The Royal Gazette
Opinion (June 07, 2006)
It’s too early to declare Friday’s Parliamentary protest a turning point in Bermudian politics, but it was significant.
If those who converged on the hill to confront their mute politicians take one thing from the exercise it should be that a little anger, appropriately channeled, produces results.
After indicating that he’d be taking up the Parliamentary salary increases, the Premier changed course, acutely aware that for MPs to raise their own pay, hard on the heels of an unexpectedly large protest, would further inflame matters.
Rest assured that our elected representatives do take notice when they’re being watched by a public no longer willing to tolerate fast-ones being pulled at their expense.
There are a number of important lessons from the past several weeks, as well as the unintentional exploding of some long held myths and misconceptions – to borrow a quaint phrase from the Bamboozle Indoctrinate and Condition (BIC) Report – about Bermuda politics.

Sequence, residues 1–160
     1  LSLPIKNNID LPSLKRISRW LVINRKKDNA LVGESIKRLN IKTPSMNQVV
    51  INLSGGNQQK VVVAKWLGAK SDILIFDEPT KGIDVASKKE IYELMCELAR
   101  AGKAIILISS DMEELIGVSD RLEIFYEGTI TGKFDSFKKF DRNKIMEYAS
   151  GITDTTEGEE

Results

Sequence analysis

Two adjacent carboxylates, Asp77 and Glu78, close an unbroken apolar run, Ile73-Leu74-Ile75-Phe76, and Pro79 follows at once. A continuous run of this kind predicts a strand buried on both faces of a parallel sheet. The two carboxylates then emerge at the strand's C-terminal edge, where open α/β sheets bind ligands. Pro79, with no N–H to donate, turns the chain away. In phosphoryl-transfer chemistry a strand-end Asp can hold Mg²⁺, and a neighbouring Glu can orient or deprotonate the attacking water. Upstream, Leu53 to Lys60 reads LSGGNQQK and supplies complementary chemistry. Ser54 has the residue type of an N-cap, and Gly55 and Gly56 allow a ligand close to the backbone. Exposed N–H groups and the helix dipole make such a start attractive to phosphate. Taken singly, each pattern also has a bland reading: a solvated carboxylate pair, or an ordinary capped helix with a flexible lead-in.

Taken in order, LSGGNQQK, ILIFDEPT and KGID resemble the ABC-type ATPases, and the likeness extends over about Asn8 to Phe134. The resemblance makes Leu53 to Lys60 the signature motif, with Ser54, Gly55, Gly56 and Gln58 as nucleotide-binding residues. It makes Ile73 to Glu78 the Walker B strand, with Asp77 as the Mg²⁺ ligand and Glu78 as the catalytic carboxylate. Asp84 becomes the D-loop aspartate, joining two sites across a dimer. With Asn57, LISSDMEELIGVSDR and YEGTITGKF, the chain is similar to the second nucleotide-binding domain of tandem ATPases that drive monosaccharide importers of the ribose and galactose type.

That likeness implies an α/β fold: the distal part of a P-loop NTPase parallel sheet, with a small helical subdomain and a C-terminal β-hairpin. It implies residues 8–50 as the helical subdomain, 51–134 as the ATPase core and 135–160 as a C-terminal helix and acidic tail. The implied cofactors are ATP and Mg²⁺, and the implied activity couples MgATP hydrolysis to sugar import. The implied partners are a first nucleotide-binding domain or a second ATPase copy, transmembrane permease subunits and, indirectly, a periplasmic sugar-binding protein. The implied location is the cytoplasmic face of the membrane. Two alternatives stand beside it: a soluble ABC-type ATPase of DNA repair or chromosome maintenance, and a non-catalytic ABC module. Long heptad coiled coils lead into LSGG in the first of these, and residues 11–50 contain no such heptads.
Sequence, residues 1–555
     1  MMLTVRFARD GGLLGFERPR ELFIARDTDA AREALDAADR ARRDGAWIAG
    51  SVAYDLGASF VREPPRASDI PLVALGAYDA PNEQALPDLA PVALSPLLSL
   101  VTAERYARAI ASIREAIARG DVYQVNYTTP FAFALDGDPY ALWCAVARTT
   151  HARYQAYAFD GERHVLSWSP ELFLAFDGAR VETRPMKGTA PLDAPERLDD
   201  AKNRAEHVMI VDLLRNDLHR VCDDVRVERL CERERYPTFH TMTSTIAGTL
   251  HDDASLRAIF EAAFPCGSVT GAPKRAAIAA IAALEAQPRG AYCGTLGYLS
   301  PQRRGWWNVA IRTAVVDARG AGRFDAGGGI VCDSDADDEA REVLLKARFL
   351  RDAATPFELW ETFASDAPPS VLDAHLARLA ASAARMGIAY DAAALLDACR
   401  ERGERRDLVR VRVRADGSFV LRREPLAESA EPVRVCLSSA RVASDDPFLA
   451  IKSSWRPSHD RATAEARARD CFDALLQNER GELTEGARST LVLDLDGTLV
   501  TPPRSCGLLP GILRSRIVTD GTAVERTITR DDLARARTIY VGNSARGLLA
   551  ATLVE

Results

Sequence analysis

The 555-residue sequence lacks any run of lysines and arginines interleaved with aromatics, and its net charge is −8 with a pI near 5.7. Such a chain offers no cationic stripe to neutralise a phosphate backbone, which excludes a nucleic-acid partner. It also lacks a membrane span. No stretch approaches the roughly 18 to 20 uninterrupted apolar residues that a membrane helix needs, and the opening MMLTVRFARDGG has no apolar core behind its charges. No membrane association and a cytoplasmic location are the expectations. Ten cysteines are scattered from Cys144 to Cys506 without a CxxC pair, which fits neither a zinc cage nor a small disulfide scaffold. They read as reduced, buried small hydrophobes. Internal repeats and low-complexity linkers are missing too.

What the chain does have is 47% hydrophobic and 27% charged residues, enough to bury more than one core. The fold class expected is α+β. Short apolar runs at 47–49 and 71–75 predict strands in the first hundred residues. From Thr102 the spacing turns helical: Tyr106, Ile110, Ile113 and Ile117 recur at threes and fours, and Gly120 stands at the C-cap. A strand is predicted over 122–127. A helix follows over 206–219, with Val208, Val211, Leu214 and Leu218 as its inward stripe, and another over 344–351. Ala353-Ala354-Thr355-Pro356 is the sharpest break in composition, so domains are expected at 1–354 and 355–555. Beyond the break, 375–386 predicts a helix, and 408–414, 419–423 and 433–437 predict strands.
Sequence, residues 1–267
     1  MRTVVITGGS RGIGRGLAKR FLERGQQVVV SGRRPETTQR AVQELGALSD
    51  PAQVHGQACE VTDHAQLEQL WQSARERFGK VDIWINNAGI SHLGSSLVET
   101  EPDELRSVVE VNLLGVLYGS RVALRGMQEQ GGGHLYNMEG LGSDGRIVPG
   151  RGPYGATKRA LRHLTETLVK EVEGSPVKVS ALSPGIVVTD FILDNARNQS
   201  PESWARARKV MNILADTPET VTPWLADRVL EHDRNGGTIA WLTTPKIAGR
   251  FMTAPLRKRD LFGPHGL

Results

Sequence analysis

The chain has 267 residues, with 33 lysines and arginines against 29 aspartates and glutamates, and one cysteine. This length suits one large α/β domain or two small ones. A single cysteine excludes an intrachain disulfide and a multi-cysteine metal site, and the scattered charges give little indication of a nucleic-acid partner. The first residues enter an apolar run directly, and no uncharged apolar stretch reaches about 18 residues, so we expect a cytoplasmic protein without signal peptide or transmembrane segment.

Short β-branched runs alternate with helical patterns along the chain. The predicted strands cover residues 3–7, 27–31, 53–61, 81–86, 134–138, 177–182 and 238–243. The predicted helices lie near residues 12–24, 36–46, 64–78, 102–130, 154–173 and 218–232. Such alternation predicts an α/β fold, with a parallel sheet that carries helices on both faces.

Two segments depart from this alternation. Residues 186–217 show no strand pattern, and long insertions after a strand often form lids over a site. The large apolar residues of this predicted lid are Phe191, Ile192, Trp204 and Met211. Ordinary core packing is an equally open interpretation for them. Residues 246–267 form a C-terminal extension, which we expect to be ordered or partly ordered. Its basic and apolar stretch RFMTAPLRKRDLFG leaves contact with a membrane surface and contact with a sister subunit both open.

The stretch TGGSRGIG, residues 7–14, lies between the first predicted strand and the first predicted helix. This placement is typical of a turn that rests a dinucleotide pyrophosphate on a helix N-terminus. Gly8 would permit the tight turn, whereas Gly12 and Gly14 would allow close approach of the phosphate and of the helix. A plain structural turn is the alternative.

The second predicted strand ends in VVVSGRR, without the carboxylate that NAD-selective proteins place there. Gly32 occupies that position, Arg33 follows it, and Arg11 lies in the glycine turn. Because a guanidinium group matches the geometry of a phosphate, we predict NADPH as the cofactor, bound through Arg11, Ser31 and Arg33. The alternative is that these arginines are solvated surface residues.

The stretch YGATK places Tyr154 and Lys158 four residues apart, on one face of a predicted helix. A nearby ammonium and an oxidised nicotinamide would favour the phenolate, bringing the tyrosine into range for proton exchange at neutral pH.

First, one of the lessons.
While the churches have received a disproportionate amount of attention for their political lobbying, their methods should be emulated not attacked. Churches will always be a potent political force; they’re active, organized and unafraid to air their views. That’s not a negative.
Those angered over the lack of debate and rejection of the Human Rights Code (HRC) amendment shouldn’t get mad, they should get even by tearing a page out of the Church’s handbook: get active, organized and air your views.
Sitting around with the expectation that politicians will understand what’s expected – simply by osmosis – and do the right thing is pointless.
On Friday, the protestors succeeded in getting the attention of the Premier, Dale Butler, the Opposition Leader and most of their colleagues. While they’d all wish the issue went away, it continues to dominate the news cycle.
This issue has legs. The next step is to keep up the pressure.
Another important outcome of this Human Rights saga is that an old political adage may have been turned on its head; what you see is not always what you get, perception doesn’t always equal reality.